For Some of My Cousins… Who’ve forgotten They Aren’t All White by Sarah Frances Moran

When I was 16 my mother bought me
some Nikki Giovanni poetry books for Christmas.
Later that day,
when cousins arrived, one asked me, “why are you reading
that nigger shit?”

Fast-forward fifteen years and I see second cousins
who will tell you they don’t like Mexicans or without realizing,
they don’t like a quarter of what makes up their whole.

When my grandmother was a child she’d go with her
family to the local Pharmacy where she could purchase
an ice cream cone,
but had to eat it outside.
Mexicans weren’t allowed to eat their ice cream next
to the white kids.

You can live in the suburbs surrounded by every other
white family afraid to live in close quarters with the “coloreds”
you cannot move the Mexican out of your blood.
It sits there inside you and it holds the cells of the ancestors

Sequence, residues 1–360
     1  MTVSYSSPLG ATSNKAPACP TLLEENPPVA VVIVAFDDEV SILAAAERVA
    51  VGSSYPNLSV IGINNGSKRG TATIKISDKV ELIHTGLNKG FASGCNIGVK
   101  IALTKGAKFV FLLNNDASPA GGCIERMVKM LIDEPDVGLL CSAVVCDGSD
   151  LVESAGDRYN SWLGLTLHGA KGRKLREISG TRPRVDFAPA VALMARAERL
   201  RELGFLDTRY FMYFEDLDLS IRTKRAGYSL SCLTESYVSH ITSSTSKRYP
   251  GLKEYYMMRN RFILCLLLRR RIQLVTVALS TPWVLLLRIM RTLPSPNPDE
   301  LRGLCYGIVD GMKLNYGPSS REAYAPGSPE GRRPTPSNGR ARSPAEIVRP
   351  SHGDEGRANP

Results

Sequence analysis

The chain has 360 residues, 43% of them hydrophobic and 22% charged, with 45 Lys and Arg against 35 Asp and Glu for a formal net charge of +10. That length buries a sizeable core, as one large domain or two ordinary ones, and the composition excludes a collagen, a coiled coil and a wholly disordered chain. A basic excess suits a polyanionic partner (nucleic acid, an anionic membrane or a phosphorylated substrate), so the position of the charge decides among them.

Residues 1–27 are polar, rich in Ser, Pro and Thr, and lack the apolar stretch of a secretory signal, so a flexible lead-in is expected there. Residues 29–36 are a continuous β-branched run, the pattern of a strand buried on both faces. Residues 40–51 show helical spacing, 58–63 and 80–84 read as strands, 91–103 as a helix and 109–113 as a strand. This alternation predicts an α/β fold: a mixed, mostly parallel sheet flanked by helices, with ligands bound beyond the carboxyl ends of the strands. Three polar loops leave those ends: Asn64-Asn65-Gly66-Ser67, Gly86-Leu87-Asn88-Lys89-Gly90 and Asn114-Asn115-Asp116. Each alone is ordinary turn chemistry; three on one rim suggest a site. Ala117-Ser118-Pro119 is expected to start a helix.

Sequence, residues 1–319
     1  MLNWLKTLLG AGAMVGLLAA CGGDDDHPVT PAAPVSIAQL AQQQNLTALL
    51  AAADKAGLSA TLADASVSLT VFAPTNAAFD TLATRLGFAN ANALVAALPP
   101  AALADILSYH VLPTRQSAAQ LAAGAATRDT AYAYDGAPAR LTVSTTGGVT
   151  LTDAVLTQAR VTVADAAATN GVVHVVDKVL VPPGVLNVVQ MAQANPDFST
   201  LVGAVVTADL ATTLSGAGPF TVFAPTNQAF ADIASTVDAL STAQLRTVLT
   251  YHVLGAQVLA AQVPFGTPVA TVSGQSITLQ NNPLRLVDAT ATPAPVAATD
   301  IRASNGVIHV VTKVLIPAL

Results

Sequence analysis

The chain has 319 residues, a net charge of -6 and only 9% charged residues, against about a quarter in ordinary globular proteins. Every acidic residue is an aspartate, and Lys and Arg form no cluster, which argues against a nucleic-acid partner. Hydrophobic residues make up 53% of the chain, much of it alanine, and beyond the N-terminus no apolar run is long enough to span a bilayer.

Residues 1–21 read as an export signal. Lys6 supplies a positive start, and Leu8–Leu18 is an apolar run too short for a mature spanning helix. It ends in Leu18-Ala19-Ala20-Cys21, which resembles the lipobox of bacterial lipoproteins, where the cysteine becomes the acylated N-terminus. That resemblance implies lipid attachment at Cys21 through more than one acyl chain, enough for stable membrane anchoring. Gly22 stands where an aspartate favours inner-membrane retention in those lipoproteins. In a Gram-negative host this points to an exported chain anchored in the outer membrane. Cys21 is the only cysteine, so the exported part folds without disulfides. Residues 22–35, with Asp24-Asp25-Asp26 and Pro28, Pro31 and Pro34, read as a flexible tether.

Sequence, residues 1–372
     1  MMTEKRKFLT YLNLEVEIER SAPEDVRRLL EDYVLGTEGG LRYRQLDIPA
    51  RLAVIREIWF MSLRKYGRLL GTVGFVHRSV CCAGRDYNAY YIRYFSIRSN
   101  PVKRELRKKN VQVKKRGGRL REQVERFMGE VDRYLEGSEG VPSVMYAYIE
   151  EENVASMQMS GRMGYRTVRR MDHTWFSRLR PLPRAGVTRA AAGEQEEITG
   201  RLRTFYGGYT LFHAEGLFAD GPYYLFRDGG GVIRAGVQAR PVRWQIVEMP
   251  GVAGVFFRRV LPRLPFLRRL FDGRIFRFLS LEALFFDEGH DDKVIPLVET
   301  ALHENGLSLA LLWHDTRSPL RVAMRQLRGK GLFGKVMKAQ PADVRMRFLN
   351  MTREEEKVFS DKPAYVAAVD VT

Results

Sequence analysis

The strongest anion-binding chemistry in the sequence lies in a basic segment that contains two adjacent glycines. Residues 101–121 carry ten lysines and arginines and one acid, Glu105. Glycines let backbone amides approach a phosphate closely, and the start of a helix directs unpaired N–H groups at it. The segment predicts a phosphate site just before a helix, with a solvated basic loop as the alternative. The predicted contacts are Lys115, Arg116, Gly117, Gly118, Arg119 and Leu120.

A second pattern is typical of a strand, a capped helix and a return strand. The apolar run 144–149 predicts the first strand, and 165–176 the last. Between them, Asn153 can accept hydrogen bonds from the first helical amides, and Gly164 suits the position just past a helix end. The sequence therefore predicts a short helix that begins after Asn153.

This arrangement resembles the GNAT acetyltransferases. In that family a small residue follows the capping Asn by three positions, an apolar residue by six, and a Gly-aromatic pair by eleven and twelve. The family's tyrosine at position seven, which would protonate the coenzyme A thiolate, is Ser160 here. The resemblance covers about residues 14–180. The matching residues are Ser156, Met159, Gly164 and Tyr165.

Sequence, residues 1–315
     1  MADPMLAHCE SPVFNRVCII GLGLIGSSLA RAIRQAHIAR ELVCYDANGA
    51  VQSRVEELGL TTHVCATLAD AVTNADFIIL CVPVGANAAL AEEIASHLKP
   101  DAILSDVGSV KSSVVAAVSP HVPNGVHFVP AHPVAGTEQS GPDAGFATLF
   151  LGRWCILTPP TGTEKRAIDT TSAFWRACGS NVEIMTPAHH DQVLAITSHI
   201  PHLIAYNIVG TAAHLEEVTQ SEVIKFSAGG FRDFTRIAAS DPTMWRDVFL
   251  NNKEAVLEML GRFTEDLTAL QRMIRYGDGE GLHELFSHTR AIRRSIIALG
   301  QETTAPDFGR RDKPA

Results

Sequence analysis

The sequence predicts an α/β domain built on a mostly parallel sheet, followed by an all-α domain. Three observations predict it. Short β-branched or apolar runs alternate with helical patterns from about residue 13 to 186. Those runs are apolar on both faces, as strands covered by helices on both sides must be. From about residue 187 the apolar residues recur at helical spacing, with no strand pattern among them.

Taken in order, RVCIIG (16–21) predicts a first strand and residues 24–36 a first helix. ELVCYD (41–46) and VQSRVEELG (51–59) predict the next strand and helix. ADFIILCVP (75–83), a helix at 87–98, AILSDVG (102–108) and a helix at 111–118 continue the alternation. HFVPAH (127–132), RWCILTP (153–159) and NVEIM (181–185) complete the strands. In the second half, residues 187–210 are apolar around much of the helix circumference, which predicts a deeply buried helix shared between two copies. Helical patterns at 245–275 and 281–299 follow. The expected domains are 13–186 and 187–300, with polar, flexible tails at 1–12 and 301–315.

who sat outside to eat their ice creams. Who picked cotton and
crossed a border you’d vote to close down.

The same blood of the grandmother you cherished. The one who
spoke English but could put the fear of God inside you with Spanish.
Who made sure her children got an education and who worked
relentlessly to build a life here in a country that stills views non-whites
as second class citizens…. was passed down to you.

Yet you relentlessly fuel this pro-white rhetoric.

That Davis bloodline is not strong enough to eradicate
the Almendarez that courses through you.
White power is a façade.

Your blood is tainted.

Remember Frances’ smile
every time the hate drips out of your mouth.

Remember you wouldn’t be here if it weren’t for
homemade flour tortillas
hands roughened by fields of cotton
love that crossed the color lines
Mexican bravery and resilience.

Remember that
you wouldn’t be here if it weren’t for her.

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